by: Bob Ward Updated:
NEW BEDFORD, Mass. - The New Bedford highway killing investigation may be the biggest unsolved murder case in New England's history. Now it is the subject of a brand new book called ‘Shallow Graves.’ Boston 25's Bob Ward spoke to the author about a case that still haunts the area.
A serial killer was preying on women in the New Bedford area in the spring and summer of 1988. Many of the victims had ties to Weld Square, which was a high-crime area in the heart of this historic seaside city at the time.
By the time the killer's gruesome work was finished nine women were dead, their bodies found along highways in the area.
The killer's death toll could be even higher. Two more women disappeared in 1988. They were never found and are feared victims of the New Bedford Highway Killer.
“No one realized that these women were missing until they started turning up dead,” said author Maureen Boyle.
A serial killer at work
In 1988, Boyle was a police and crime reporter for the New Bedford Standard Times. Her reporting first broke the news that a serial killer was working the city.
“I had an inkling in the summer of ‘88 that there was more to this than anyone realized, but in November it became very, very clear,” Boyle told Boston 25’s Bob Ward. “After the third body was found, a fourth body was found, directly across the way on 195 in Dartmouth and then another body was found, and then another body, and then another one.”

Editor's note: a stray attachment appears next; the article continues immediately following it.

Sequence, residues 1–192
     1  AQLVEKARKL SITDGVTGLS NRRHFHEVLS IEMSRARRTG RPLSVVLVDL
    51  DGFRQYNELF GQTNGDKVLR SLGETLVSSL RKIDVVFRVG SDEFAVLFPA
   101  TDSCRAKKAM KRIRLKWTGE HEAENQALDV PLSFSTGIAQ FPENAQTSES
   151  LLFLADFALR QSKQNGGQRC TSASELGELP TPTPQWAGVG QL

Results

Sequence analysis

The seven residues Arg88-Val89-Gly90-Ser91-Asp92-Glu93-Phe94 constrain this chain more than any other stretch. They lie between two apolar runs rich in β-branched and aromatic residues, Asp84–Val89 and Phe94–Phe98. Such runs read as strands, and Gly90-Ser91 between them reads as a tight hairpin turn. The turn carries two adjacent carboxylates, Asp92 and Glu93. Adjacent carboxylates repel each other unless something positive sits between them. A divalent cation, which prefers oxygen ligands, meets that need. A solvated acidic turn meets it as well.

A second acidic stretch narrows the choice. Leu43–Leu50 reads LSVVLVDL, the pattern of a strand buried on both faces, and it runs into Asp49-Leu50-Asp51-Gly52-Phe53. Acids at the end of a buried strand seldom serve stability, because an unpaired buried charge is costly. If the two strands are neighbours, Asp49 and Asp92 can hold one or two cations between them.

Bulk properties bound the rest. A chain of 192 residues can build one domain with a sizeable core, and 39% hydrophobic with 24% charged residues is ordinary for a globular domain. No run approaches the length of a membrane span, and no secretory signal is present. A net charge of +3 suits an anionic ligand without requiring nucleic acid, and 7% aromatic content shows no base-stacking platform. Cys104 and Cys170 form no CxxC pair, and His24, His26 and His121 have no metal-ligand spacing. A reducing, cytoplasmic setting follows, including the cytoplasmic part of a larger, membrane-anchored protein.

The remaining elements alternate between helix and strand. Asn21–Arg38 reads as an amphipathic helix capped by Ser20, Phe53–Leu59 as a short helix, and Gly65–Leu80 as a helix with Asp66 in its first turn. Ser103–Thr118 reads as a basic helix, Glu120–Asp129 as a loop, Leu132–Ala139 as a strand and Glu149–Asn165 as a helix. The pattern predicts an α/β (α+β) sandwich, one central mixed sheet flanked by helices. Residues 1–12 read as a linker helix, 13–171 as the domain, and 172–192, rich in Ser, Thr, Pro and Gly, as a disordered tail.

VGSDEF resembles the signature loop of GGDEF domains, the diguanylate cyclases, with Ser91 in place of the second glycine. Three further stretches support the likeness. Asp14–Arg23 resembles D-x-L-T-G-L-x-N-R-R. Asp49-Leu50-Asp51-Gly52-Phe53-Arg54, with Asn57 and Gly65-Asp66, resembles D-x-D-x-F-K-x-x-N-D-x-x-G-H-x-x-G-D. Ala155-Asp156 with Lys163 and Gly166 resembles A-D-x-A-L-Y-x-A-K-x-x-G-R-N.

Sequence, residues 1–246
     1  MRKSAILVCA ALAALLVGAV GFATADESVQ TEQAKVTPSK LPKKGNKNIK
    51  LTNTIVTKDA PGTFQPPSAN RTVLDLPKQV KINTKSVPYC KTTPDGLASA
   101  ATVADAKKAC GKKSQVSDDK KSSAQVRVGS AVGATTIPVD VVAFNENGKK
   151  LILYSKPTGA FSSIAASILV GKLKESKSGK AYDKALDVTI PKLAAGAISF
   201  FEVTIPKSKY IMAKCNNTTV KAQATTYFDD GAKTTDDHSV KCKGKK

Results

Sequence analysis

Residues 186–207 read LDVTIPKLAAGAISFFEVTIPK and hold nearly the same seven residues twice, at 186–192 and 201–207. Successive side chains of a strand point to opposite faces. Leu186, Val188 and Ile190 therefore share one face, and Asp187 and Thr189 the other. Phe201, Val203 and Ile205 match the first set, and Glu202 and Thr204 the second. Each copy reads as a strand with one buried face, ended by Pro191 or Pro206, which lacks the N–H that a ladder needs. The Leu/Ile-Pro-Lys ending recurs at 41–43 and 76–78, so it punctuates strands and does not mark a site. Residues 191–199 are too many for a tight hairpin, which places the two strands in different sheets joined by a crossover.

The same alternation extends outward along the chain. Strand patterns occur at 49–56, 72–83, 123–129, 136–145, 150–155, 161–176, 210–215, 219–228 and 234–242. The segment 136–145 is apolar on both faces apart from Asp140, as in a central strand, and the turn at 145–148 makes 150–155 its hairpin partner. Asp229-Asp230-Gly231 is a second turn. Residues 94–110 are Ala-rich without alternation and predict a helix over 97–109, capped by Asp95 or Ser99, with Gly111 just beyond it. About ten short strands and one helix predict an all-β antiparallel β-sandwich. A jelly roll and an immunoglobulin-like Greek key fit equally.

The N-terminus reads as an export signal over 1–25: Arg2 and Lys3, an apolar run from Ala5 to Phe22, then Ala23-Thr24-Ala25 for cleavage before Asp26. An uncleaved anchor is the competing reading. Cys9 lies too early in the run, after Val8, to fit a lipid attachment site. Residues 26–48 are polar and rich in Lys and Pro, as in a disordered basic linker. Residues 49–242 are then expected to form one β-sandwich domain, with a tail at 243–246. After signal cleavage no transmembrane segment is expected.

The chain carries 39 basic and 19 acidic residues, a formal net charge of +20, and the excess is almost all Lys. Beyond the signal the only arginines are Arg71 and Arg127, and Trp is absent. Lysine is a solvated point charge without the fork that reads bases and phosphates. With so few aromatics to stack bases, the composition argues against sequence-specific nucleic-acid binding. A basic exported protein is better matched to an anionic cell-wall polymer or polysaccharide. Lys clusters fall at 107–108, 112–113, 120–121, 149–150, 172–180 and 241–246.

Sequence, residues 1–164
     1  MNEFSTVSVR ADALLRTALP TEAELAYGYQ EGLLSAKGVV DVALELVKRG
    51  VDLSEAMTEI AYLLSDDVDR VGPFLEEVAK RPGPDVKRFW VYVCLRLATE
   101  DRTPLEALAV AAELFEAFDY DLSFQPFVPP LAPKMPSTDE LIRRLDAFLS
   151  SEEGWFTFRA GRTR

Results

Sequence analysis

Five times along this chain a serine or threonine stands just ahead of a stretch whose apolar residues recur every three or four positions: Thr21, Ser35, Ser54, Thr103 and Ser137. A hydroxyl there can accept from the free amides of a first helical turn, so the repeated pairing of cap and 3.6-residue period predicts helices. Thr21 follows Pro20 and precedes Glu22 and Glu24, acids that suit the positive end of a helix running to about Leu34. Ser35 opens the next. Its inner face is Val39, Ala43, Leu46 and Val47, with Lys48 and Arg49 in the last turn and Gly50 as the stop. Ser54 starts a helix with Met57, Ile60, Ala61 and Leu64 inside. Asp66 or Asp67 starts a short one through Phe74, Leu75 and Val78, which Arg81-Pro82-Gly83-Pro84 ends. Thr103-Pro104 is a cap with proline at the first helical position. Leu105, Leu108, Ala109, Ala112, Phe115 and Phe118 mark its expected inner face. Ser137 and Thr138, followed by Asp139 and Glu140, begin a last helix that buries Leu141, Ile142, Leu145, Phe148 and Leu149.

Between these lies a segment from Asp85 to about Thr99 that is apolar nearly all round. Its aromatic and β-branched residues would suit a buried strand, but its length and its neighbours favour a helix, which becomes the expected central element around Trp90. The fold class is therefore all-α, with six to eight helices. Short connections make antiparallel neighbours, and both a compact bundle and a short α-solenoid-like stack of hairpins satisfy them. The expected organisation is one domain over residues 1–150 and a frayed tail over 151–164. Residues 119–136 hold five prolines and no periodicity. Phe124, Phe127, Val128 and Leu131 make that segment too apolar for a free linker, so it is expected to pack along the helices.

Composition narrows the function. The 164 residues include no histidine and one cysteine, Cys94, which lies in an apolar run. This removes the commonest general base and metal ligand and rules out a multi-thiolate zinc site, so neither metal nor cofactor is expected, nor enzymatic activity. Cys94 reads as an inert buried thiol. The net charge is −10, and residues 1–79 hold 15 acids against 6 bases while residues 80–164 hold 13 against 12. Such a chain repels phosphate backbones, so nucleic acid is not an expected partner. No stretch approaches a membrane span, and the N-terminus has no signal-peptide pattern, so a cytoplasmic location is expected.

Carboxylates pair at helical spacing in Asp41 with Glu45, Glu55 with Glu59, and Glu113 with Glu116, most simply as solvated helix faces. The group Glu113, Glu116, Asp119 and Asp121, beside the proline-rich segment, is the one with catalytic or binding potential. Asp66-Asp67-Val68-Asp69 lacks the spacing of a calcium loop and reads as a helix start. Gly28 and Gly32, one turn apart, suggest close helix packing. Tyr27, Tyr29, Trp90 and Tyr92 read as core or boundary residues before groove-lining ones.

The victims all struggled with drug addiction, and some had histories of prostitution. But the killer was mysterious. He left few clues, and no eye witnesses.
“There had always been a vague description of a pick-up truck, even prior to the killings. Girls would talk about some really weird guy that was driving around in a pick-up truck. There's a lot of pick-up trucks out there, unfortunately,” said Boyle.
Identifying the suspect
Ultimately, the New Bedford highway murders investigation led state police to Kenneth Ponte: a lawyer with a drug habit.
“He knew all of the women that were found dead,” remembered Boyle. “He was not very cooperative, he was a bit of a jerk to law enforcement, so that raised a lot of red flags.”
Ponte became the only person ever indicted in the New Bedford highway murders case. He was charged with the murder of Rochelle Clifford Dopriela, but the charge would not stick.
In the summer of 1991, the murder charge against Kenneth Ponte was dropped. To this day, no one has ever been held accountable for the New Bedford highway murders.
“It’s been heartbreaking for the families, absolutely heartbreaking,” said Boyle.
Boyle says she wrote ‘Shallow Graves’ so that the lives and deaths of the wives, mothers and daughters who were killed would never be forgotten.
The book, which is out now, details the police efforts to find a brutal killer, and it provides the disturbing reminder that the New Bedford Highway Killer is still out there.
“If he could kill the most vulnerable individuals in your community, as his anger escalates, what's next?” said Boyle.
If you have any information that could help identify the New Bedford Highway Killer, call the Bristol County District Attorney’s office at 508-997-0711.
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